-Inner Asia: The Homeland of the Huns
-Nomads? The Huns, a heterogeneous agro-pastoralist society
-The Quest for Ethnicity and Origins: Who are the Huns?
Chapter 1: The Xiongnu Hun Empire
-Political Organisation of the Xiongnu Huns
-Political History of the Xiongnu Huns
-Southern Xiongnu and Xianbei conquest of China
-Archaeology of the Xiongnu
Chapter 2: The so-called 'two-hundred years interlude'
Chapter 3: The Huns of Central Asia and South Asia: The Kidarite
and Hephthalite White Huns
-Who were the White Huns?
-White Hunnic Expansion and the Kidarite Dynasty
-White Hunnic Empire at its zenith under the Hephthalite Dynasty
-Later Hunnic States in Central Asia and South Asia
-Political Organisation and Culture of the White Huns
-Hunnic Impact on Iran and India
Chapter 4: The Huns of Europe
-Europe on the eve of Hunnic arrival
-The Invasion of the Huns
-Ruga and Octar
-Hunnic Political Organisation in Europe
Chapter 5: Attila the Hun
-Bleda and Attila
-Attila as the supreme ruler
-Attila invades the West
Chapter 6: The Huns after Attila
-Hunnic Civil War and the dissolution of the Hunnic Empire
-Post-Attila kings of Europe
-Brief Reunification and Final Dissolution of the western Hunnic Realm
Chapter 7: The Huns of the Pontic steppes: the Utigur-Kutrigur
-The Political History of the Bulgar Huns, the Caucasian Huns and the Avars
Chapter 8: The Legacy of the Huns
-Redrawing the political map of Europe
-Impact of the Hun Inner Asian political model
-The impact of the Huns and Alans on European military practices
-Cultural and artistic influence of the Huns in the light of archaeological evidence
Hyun Jin Kim is Lecturer in Classics at the University of Melbourne, Australia.
"Kim's book is a highly readable, masterful and comprehensive summation from the perspective of Eurasian history as a whole of what is known about this complex, heterogeneous and occasionally enigmatic confederation. The Huns, thoroughly versed in the Chinese and Graeco-Roman sources, including a number of neglected accounts, as well as the most recent archaeological discoveries, provides an excellent introduction to the political and cultural history of Central Eurasia and the role of the "Hunnic peoples" in shaping the world of Late Antiquity in Asia and Europe."
- Peter B. Golden, Rutgers University, USA
"As one of the best known of the Eurasian steppe warriors to make significant inroads into Western Civilization, the Huns, like the Mongols, have always been a source of fascination for historians of East-West contacts. This new book, by an author who has the linguistic skills to conduct in-depth research in Greek and Latin as well as classical Chinese sources, breaks new ground in both the amount of new information it provides but also in the many new questions it asks of the original sources. It will undoubtedly prove indispensable to both research scholars and university students."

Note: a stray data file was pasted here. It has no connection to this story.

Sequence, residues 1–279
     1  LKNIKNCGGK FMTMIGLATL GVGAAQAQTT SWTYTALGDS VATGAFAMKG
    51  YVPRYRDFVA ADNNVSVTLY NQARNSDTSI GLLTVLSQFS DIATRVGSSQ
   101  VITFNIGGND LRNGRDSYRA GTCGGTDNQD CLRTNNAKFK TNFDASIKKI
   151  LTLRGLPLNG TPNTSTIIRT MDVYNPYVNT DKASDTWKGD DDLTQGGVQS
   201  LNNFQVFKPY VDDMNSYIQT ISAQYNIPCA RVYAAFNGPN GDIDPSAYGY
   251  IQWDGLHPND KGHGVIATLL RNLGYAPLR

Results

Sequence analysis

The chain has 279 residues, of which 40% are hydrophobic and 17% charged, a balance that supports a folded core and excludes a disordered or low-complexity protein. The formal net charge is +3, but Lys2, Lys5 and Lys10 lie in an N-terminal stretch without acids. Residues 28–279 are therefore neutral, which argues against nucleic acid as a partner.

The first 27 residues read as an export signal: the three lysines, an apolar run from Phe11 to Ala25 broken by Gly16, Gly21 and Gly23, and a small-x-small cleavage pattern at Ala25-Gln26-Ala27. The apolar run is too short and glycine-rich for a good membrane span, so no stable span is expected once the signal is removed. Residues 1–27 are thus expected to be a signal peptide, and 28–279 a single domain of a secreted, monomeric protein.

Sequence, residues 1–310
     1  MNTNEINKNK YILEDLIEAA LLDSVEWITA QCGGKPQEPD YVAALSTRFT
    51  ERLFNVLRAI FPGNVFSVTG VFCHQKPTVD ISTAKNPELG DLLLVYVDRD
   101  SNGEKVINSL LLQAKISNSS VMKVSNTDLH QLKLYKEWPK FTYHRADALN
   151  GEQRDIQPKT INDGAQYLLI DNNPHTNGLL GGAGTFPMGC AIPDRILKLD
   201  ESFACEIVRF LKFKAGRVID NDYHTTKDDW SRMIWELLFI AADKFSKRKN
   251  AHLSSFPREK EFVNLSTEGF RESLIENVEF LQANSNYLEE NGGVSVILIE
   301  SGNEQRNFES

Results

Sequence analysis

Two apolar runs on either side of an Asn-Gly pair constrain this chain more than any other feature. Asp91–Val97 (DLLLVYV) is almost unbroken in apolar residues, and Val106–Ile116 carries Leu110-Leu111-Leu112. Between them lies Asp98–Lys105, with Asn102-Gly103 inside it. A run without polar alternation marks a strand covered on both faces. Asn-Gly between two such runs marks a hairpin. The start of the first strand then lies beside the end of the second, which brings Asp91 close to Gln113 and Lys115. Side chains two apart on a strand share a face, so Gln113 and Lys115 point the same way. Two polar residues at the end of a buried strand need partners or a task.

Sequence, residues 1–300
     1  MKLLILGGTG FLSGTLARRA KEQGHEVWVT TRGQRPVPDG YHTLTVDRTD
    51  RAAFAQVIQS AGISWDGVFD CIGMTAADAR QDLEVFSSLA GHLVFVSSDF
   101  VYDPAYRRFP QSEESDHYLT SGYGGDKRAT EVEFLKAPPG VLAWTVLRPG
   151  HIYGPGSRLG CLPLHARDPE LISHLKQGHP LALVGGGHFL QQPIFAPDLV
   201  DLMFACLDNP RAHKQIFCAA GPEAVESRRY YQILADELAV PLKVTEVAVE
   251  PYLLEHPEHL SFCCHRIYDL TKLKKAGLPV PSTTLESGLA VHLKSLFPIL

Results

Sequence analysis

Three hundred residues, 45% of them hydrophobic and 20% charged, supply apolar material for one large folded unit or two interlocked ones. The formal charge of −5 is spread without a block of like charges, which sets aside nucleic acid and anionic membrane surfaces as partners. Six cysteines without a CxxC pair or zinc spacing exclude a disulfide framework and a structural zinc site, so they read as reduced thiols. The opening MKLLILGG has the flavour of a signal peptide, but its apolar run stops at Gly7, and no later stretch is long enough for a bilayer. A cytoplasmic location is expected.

- Samuel N.C. Lieu, Macquarie University, Australia
'This book is a necessary read for those interested in either the Huns or Late Antiquity in the West. For the most part the conclusions Kim draws are reasonable and thought-provoking, and even where he appears to over-extend himself, the over-extension results in the reader being forced to re-evaluate everything that has previously been read on the subject. This by itself makes the book a worthwhile read, as it forces the reader to "think outside the box"; no mean feat given the rapid pace of change being made in the study of Late Antiquity in the West. As a result, I have no reservations about recommending this book to those interested in the period.'
- Ian Hughes, UNRV
"This brief but accessible book is an ideal volume for an introduction to the Huns, as well as one that scholars will still find enlightening. Although the focus is on the Huns of Europe, Kim convincingly discusses the connection of the Huns to the Xiongnu of Mongolia as well as to the Hephthalites of Central Asia, who caused so much havoc for the Gupta Empire of India ... Additionally, chapters on the Xiongnu and Hephthalites provide ample historical and cultural information to show the regional variations of what might be termed the Hunnic cultural zones. Finally, in regard to Attila and the Huns of Europe, the author traces the rise of the Hunnic Empire in the West. Kim also closely examines the Western primary sources as well as the historiography of the Huns, while revealing that the Hunnic Empire was much more complex and enduring than the traditional views (based on Roman-era sources) allowed."
- T. M. May, University of North Georgia (USA), CHOICE reviews, rated Essential